The Pittsburgh Penguins have difficult decisions ahead with their goaltending position and the salary to which they can commit to the net. Both Matt Murray and Tristan Jarry are pending RFAs once we finally finish this coronavirus paused season. And because the Penguins have not yet seen the final chapter, the book on both goalies is missing the most crucial part.
Figuring out a player’s value can be as much of an emotional exercise as it is a cold analytical process. That emotion or colored perception isn’t just limited to fans, either. After winning multiple Stanley Cups in the last eight years, the LA Kings and especially the Chicago Blackhawks, treated their aging veterans like the studio audience at a taping of Oprah.
And you get a contract, and you get a contract!
Penguins GM Jim Rutherford has done well to avoid dishing stacks of cash to emotionally endeared veterans, unlike Chicago and LA. Rutherford passed on Trevor Daley for Matt Hunwick to save about $1 million.
However, Murray may be the exception to the rule. Big-game goalies are a rare breed. Marc-Andre Fleury is a great goalie, but maybe not a big-game goalie. Remarkably, all-time great Patrick Roy was only 6-6 in Game 7s.
Murray is 3-0, not including shutouts in Game 5 and 6 of the 2017 Stanley Cup Final.
If you think such performances don’t add dollars to a contract in 2020, you’re probably wrong. If not the Pittsburgh Penguins, then another NHL team will pony up a few more dollars than statistics mandate in exchange for a goalie who doesn’t sweat under the brightest lights.
More than a few readers have asked which goalie the Penguins plan to keep. The answer is — I don’t know. I’m not sure the Penguins yet know. If Matt Murray stonewalls the competition this summer and the Penguins have another exciting playoff run, do you think the Penguins would trade his rights?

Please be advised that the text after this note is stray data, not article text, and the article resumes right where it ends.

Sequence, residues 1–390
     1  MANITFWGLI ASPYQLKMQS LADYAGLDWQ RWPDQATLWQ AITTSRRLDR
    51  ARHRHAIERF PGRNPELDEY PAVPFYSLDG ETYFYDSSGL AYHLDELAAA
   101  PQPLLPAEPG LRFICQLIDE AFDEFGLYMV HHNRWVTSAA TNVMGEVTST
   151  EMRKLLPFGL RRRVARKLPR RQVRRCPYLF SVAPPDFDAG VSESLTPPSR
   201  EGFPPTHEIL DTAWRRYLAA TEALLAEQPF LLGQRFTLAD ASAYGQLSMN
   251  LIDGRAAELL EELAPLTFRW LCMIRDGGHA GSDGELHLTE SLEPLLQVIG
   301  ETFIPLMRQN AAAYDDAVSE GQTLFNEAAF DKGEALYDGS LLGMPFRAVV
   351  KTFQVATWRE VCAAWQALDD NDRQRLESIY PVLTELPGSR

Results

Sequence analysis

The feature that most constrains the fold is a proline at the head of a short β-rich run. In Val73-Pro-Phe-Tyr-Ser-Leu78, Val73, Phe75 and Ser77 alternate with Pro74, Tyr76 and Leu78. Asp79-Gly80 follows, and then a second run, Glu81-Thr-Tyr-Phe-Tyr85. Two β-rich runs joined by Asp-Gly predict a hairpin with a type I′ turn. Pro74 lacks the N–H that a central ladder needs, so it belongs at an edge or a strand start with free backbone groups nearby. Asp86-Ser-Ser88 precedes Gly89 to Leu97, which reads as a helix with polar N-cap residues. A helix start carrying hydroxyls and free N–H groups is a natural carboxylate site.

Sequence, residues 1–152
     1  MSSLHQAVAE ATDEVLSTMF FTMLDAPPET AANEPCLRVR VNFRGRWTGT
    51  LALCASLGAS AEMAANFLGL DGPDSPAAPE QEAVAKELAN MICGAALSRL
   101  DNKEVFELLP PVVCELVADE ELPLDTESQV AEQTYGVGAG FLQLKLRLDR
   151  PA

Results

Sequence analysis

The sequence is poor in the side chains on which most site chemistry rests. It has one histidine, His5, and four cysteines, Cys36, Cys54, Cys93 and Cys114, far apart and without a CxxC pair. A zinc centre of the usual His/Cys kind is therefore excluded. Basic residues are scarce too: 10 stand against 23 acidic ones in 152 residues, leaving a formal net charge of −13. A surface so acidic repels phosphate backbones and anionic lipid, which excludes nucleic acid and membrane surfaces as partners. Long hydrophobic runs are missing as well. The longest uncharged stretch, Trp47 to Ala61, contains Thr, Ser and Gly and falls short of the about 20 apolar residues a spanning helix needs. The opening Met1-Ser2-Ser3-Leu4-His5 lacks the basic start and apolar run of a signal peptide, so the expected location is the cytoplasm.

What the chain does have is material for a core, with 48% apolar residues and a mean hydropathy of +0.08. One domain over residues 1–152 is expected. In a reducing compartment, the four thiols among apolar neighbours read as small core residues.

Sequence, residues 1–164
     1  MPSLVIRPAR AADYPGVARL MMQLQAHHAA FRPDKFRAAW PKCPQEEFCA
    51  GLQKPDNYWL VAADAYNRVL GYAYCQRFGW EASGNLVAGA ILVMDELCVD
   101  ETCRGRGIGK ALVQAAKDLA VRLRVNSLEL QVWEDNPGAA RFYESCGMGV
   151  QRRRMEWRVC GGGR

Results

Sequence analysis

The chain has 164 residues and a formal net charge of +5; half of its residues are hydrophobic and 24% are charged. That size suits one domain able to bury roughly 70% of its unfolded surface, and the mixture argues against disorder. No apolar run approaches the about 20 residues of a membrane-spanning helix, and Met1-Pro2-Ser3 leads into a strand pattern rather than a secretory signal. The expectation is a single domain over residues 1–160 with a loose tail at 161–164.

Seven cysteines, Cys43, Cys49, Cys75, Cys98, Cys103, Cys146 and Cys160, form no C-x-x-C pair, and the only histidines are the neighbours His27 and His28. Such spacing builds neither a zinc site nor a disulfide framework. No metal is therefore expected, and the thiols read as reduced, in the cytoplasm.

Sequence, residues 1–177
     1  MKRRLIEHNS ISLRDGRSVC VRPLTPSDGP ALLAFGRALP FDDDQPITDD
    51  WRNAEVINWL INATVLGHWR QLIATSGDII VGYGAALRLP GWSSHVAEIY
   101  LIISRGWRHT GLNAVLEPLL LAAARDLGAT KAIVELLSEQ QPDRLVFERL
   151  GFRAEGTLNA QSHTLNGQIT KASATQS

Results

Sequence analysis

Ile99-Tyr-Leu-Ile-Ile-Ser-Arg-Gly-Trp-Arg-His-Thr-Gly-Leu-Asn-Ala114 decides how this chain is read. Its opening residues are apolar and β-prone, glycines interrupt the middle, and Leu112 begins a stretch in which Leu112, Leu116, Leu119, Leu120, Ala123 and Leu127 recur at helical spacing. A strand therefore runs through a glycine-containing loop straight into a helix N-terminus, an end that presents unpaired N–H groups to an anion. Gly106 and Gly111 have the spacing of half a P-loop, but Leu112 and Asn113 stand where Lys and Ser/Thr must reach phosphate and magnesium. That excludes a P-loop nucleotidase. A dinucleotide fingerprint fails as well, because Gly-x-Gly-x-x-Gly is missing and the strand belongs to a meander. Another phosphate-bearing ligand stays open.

The goalie market has settled into a rhythm. Except for silly outliers like Florida’s generous donation to Sergei Bobrovsky’s wallet, which will reach $12 million and carries an annual $10 million cap hit, most starting goalies find themselves in a specific salary range.
And most teams pay a similar salary cap percentage to their goalies, too.
The median salary cap percentage for goalies is 8.20%. There are 15 teams each above and below that line. The average each club spends on a pair of goalies is 8.23%.
So, assuming next season the Pittsburgh Penguins have Casey DeSmith and his $1.25 million salary as the backup, then a starting goalie could make about $5.5 million.
Sounds about right for an unquestioned starting goalie, doesn’t it?
But things are never that simple in Pittsburgh.
Matt Murray has yet to play a full NHL season. This season is the first in his four-plus year career in which he has avoided significant injury. However, his play merited what was essentially a two-month benching through November and December, and a timeshare in January.